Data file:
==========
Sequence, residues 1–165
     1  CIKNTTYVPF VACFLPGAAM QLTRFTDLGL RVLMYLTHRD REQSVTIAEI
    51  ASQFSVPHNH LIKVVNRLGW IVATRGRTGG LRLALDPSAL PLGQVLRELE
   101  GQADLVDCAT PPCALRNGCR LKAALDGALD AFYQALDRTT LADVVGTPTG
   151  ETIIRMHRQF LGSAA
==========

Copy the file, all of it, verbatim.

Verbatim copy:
Sequence, residues 1–165
     1  CIKNTTYVPF VACFLPGAAM QLTRFTDLGL RVLMYLTHRD REQSVTIAEI
    51  ASQFSVPHNH LIKVVNRLGW IVATRGRTGG LRLALDPSAL PLGQVLRELE
   101  GQADLVDCAT PPCALRNGCR LKAALDGALD AFYQALDRTT LADVVGTPTG
   151  ETIIRMHRQF LGSAA